These egregious notions have already been given statutory articulation in three jurisdictions.

U.S. Military

Article 120 of the Uniform Code of Military Justice, revised in 2006, removed "consent" as an element of rape and other forms of sexual assault and required the accused to raise "consent" as an affirmative defense and to prove it by a preponderance of the evidence. If an accused proves the affirmative defense, the burden shifts to the government to disprove the affirmative defense beyond a reasonable doubt.

It is a source of confusion how the prosecution could ever prove non-consent by a reasonable doubt after the accused has already proven consent by a preponderance of the evidence.  But the more important problem is that a cry of rape literally turns the sex act into a presumptive crime.

In United States v. Neal, 68 M.J. 289 (2010), the U.S. Court of Appeals for the Armed Forces explained why shifting the burden of proof was proper in words that are as chilling as they are peculiar: "When sexual abuse by members of the armed forces occurs within a military organization, it can have a devastating impact on the good order and discipline essential to the conduct of military operations. When sexual abuse by deployed military personnel involves civilians, it can undermine relationships with the local population critical to our Nation's military and foreign policy objectives. These factors illustrate the importance of recognizing the broad authority of Congress to regulate the conduct of military personnel. That authority includes the power to define rape and its related offenses in a manner that does not require proof on the subject of consent, notwithstanding the traditional requirement in military and civilian law for such proof."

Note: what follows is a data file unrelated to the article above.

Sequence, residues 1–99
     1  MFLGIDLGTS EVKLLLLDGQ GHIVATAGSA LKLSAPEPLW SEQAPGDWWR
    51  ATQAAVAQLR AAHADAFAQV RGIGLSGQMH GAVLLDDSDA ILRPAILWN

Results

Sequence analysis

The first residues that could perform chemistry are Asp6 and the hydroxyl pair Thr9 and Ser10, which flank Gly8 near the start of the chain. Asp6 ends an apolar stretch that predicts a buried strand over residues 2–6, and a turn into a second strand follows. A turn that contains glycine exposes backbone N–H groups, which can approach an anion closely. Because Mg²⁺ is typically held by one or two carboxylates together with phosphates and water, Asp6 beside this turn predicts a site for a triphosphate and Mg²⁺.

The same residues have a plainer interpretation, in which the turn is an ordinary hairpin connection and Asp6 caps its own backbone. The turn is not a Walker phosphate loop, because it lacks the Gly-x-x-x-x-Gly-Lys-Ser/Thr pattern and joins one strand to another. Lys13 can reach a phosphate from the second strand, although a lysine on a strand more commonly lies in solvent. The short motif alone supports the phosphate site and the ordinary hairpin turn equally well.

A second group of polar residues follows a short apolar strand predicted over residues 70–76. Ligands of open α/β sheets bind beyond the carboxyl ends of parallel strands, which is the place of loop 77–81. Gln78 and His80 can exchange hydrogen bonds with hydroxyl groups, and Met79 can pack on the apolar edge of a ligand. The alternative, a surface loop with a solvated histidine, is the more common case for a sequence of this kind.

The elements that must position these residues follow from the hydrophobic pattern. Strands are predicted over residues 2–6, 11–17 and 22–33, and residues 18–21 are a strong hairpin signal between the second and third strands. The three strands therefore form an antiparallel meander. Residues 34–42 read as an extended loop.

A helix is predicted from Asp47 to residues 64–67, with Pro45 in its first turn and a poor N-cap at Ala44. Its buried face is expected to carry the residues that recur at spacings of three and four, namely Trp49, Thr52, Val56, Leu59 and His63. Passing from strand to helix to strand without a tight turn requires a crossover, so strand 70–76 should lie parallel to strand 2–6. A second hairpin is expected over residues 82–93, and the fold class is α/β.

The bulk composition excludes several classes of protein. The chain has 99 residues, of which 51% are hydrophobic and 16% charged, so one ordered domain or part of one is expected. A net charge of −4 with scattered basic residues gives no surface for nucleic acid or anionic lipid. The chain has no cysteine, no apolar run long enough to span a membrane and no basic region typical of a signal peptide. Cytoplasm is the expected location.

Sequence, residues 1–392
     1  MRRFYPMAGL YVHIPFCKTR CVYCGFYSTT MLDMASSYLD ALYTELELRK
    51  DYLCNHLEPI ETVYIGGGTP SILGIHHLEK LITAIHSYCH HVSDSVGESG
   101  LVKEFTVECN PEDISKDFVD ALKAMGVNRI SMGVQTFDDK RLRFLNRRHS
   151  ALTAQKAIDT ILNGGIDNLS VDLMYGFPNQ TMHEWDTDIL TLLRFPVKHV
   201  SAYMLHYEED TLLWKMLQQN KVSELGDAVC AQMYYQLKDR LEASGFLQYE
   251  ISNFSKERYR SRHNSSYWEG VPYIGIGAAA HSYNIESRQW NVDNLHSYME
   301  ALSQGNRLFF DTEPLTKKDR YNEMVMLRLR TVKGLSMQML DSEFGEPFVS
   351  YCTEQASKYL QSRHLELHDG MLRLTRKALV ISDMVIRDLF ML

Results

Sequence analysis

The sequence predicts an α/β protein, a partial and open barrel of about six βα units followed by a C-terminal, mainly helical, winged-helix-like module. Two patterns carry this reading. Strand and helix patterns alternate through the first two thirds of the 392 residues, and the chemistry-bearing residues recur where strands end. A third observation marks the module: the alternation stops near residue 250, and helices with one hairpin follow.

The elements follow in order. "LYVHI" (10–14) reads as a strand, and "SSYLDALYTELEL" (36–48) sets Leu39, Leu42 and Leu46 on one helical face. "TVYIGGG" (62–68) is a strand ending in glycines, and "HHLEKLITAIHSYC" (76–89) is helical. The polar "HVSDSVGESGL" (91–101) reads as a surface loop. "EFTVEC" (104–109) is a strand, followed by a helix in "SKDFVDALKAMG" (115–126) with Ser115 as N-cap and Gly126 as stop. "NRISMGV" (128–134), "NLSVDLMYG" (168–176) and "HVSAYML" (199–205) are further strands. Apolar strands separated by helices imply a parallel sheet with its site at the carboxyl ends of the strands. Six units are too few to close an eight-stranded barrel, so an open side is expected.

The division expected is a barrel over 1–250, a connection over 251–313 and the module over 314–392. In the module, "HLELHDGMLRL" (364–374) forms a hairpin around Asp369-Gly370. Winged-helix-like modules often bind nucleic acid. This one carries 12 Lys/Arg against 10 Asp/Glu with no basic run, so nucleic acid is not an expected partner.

(Recently, there was a rare moment of sanity when a military court ruled that forcing the accused to prove consent in a case of aggravated sexual assault where the alleged victim was supposedly "substantially incapacitated" was unconstitutional because the absence of consent is implicit in the nature of substantial incapacitation. United States v. Prather, 69 M.J. 338 (2011).)

District of Columbia

In the District of Columbia, a sexual abuse statute, which encompasses any sex act committed by force or which places a victim in fear ob bodily injury, puts the burden on the accused to show consent. D.C. CODE § 22-3007 (2007). A court explained that the statute "was intended . . . to change the focus of the criminal process away from an inquiry into the state of mind or acts of the victim to an inquiry into the conduct of the accused." Russell v. United States, 698 A.2d 1007, 1009 (D.C. App. 1997). 

Washington State

Moreover, as Prof. Richard Klein explains here, in Washington state, courts typically include the following instruction to juries in rape cases:  "A person is not guilty if the sexual intercourse is consensual. “Consent” means that at the time of the act of sexual intercourse, there are actual words or conduct indicating a freely given agreement to have sexual intercourse. The burden is on the defendant to prove by a preponderance of the evidence that the sexual intercourse was consensual." Prof. Klein explains that this instruction was challenged in 2006, but the court allowed it to stand.